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Don't overrate breakout potential based solely on player age

Ender Inciarte is breaking out in his age-27 season, but fantasy managers shouldn't rely on a player's birthday to make lineup decisions. Jason Getz-USA TODAY Sports

For as long as I've been playing fantasy baseball -- and believe me, it's been quite some time as my first season took place well before Bartolo Colon's MLB debut -- I've heard the same theory being put forward as a rock-solid truism. It comes in many similar forms, but the upshot is this: for hitters, the age-27 season is when they'll peak.

Now, there are a lot of problems with this over-simplified catch-all statement, not the least of which is that even if it were universally true, a player could peak and still not be very valuable for fantasy. Yet, nevertheless, when draft day comes around each year, I still often hear fantasy managers using "age-27 season" as some sort of argument in favor of their selections.

If you're wondering why I bring this up in mid-May, you can place the blame on Ender Inciarte. Through just 41 games this season, Inciarte already has 18 SB, just four steals off his previous best. He's also well on pace for career-high in both HR and RBI and sits as the No. 5 OF on the ESPN Player Rater -- ahead of both Aaron Judge and Bryce Harper. And yes, this is his age-27 season, so he's becoming a sort of "poster boy" for age-27 believers.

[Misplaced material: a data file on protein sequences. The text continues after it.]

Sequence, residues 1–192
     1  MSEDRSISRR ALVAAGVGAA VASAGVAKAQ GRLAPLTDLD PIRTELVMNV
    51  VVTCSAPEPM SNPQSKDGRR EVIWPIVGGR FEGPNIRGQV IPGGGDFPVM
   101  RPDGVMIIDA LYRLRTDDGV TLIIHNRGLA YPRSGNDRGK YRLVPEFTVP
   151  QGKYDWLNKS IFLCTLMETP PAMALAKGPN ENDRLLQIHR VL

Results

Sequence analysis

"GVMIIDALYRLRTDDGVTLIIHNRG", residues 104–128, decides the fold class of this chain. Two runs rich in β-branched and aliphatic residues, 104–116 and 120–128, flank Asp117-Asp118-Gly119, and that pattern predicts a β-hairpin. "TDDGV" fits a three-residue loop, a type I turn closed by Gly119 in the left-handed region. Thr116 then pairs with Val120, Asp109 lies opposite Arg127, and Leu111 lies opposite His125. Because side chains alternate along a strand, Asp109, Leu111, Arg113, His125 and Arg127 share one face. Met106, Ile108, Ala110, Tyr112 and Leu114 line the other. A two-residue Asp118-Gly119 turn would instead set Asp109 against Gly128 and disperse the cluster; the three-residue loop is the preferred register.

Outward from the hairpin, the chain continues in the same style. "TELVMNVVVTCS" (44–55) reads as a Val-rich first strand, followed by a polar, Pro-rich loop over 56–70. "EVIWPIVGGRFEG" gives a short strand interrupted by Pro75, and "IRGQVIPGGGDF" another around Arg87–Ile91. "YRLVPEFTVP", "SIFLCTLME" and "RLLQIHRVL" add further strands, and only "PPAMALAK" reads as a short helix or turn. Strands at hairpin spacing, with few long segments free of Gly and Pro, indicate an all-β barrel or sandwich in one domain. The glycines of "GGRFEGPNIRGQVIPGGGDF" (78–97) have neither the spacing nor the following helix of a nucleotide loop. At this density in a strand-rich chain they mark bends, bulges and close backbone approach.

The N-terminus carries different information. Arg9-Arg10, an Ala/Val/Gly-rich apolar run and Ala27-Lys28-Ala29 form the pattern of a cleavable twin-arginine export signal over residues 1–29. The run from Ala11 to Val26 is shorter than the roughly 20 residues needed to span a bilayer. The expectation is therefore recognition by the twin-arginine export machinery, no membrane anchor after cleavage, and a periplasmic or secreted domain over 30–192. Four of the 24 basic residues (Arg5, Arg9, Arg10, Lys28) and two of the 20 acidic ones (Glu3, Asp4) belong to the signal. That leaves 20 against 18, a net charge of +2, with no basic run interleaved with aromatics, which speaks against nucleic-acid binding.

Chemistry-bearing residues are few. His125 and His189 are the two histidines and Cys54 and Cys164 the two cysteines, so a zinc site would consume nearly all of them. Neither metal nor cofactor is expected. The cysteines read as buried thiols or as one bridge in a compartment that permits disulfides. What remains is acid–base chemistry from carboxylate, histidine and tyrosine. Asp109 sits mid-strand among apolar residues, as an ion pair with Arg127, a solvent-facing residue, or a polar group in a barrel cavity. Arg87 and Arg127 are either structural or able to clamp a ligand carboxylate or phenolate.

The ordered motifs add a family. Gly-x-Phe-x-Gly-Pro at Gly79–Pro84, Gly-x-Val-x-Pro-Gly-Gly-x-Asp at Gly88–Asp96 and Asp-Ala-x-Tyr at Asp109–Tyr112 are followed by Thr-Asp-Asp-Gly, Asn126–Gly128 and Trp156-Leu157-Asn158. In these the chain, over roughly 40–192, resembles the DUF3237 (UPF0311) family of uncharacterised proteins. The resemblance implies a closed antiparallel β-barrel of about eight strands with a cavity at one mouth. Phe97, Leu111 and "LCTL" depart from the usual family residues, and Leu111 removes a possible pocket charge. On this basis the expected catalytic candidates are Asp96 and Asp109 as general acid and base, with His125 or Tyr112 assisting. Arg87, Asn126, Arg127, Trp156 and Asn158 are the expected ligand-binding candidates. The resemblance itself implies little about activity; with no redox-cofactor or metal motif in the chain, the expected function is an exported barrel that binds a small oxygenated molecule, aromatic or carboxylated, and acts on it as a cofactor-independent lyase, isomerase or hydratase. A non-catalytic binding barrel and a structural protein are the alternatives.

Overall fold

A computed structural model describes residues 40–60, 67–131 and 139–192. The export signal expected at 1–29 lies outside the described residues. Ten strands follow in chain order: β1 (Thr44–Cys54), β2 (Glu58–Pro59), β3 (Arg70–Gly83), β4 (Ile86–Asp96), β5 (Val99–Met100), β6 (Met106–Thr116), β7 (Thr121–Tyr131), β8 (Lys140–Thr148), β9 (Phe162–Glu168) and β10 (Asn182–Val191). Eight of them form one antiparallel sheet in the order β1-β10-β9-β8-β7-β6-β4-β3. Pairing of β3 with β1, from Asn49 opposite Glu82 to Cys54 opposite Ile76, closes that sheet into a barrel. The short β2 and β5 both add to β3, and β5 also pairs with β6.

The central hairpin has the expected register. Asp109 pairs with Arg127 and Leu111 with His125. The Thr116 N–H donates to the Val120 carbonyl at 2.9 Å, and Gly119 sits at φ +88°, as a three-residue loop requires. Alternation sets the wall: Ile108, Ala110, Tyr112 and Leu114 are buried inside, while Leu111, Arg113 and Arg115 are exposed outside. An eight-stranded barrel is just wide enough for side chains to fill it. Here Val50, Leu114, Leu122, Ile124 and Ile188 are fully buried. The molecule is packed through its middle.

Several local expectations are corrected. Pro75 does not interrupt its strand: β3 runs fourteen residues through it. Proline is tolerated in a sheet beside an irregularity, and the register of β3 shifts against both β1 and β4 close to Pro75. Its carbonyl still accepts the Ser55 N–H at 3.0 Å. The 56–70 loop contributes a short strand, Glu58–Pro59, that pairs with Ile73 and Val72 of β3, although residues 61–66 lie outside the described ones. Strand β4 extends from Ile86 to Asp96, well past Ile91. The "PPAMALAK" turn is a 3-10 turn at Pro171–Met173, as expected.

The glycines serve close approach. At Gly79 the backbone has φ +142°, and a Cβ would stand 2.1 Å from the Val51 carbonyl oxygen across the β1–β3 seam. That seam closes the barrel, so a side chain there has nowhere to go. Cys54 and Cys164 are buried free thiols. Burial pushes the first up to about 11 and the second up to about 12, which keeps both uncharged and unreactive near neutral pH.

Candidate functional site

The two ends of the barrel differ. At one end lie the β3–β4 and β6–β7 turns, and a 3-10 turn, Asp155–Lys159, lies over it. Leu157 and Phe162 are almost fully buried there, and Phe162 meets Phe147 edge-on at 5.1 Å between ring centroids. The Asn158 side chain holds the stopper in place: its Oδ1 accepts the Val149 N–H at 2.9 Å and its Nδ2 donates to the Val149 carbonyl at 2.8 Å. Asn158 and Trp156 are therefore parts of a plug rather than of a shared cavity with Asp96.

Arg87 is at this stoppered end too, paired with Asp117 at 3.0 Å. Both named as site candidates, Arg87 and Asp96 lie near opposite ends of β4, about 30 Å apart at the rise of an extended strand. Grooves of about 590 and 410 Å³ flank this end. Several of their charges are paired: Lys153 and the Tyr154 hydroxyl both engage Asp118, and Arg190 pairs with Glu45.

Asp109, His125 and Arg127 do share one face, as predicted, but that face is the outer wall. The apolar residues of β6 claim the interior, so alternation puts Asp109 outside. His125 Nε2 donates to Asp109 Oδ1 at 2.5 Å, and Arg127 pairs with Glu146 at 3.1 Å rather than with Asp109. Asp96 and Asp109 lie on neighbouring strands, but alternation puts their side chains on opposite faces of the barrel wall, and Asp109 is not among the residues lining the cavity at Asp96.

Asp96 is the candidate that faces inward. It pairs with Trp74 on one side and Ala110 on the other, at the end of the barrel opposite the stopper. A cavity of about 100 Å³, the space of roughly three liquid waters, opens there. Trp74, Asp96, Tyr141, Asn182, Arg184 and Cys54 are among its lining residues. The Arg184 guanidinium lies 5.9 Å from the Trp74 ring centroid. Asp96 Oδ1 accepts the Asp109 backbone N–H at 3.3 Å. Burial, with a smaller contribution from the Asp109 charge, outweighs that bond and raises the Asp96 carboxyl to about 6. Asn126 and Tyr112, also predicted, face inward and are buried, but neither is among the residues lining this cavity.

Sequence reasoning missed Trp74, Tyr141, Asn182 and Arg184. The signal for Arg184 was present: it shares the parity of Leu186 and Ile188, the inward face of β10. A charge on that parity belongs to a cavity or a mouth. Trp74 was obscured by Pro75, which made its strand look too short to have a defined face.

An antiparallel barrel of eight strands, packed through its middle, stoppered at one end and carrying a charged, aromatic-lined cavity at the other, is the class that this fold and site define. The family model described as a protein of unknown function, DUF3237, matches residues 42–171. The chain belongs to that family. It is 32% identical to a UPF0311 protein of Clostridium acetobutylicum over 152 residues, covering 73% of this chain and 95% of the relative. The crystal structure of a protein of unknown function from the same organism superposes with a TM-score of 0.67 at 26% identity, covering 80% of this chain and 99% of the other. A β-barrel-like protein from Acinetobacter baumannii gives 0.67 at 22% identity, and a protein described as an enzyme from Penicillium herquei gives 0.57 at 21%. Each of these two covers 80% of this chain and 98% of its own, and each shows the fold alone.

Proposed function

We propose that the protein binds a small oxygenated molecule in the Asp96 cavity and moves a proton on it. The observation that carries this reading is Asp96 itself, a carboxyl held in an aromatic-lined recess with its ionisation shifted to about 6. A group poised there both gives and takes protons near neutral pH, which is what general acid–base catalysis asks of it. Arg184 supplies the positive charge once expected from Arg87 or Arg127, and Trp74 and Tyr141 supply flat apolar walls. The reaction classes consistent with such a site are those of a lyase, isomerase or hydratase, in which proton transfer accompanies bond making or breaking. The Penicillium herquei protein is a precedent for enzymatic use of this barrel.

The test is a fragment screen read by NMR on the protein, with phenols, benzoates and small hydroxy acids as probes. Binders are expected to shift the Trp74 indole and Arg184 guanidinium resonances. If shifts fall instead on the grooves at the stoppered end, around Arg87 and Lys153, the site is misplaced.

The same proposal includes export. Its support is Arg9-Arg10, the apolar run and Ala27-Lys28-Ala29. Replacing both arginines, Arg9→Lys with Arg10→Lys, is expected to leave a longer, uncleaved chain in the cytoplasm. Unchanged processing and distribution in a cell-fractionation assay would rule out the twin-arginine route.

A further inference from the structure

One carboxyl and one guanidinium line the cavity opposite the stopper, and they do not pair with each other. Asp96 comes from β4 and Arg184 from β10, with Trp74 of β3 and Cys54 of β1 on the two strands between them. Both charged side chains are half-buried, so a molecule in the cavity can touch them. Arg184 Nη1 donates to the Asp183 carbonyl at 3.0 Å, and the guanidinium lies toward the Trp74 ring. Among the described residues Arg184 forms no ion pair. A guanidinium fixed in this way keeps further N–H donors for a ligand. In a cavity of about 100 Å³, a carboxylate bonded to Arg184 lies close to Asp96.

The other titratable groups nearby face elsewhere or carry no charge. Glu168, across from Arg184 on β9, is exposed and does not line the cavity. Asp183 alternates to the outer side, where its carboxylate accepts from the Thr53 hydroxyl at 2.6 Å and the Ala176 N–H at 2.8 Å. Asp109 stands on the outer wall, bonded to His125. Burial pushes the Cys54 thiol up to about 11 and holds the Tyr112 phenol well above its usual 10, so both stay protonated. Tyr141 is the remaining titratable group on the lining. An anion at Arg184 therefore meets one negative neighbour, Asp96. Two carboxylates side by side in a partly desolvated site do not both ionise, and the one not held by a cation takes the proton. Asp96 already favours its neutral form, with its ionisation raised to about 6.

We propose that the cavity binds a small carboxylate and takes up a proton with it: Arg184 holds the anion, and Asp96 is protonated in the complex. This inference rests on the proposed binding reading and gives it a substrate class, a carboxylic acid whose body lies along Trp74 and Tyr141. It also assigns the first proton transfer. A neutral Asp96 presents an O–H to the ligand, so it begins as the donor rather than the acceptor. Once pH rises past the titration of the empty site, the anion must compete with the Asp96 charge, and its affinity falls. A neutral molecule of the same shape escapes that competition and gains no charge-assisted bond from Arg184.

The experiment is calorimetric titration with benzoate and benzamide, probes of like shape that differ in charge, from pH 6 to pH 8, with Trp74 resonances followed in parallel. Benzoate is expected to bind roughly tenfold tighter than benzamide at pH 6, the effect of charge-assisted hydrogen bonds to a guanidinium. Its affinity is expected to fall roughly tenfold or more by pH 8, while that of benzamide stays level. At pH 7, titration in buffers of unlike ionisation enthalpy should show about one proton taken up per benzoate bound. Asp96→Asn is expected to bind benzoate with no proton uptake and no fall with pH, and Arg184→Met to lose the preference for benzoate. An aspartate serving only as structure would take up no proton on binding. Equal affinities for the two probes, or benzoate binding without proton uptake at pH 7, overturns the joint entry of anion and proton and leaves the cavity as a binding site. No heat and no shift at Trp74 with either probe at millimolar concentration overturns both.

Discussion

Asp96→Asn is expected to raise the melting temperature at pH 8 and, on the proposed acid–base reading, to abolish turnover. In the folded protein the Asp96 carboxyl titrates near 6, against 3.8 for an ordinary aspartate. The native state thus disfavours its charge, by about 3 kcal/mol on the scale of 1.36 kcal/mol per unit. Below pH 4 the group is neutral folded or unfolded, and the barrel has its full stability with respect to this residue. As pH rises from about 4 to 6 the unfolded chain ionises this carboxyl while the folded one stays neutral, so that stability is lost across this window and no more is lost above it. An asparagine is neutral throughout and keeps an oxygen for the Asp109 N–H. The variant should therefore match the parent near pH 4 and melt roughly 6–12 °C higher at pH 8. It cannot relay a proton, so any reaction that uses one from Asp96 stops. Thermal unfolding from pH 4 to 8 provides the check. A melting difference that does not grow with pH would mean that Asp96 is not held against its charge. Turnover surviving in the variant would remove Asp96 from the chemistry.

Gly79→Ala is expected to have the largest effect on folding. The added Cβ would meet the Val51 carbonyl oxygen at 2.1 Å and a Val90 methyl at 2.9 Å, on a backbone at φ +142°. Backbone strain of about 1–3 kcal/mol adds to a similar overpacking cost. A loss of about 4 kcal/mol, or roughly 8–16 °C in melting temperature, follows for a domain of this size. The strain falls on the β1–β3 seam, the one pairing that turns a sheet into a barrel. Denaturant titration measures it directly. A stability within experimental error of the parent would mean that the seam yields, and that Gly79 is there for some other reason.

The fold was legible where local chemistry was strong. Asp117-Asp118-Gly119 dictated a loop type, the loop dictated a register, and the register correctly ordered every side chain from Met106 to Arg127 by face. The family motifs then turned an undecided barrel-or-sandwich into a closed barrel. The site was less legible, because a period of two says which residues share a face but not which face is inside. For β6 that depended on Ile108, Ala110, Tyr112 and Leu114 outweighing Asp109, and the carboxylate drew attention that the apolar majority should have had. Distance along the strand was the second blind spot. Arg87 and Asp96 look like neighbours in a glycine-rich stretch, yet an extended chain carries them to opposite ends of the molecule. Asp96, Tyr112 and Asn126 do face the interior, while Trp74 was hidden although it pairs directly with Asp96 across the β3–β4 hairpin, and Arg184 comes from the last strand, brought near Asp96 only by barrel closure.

As it turns out, there are 61 hitters currently in their age-27 season -- including the injured Avisail Garcia and Wil Myers -- but only 23 who have had at least 95 plate appearances in 2018. Opportunity is far more important than age. Here's a quick look at what your "starting nine" hitters might look like with an "All Age-27" team:

Neither Ozuna nor Puig is having a good season thus far, and given their combined 65 HR last season, one could potentially argue that they both likely peaked in 2017. Villar, on the other hand, appears to be two years removed from what might ultimately end up as his best year ever. Arenado has been a fantasy mainstay since he turned 24, and after three consecutive top-10 MVP finishes he's long-since past being a "breakout."

As it turns out, an "All Age-28" team appears to be stacked with "name" players:

There are slightly more 2018 options with at least 95 plate appearances -- 29, to be exact. Not included in this lineup are the likes of Eric Hosmer, Anthony Rizzo, Starlin Castro and Jason Heyward, as well as the injured Kevin Kiermaier, who failed to reach the minimum requirement.

What I found more interesting, though was the "All Age-29" team. The potential group to pull from (min. 95 PA) has just 15 players -- including DJ LeMahieu (just placed on the DL this week with a fractured finger). Elvis Andrus and Travis d'Arnaud also might have been in consideration, were it not for their respective injuries, which have kept them below the minimum threshold for inclusion. Here's Team 29:

This is certainly something to track going forward, but given that the fantasy point "standings" (ESPN default scoring) for these three teams through play on Wednesday is Team 29 - 985 points, Team 28 - 877 and Team 27 - 742, perhaps we should all reconsider that theory about exactly what age, given opportunity, we need to be targeting going forward.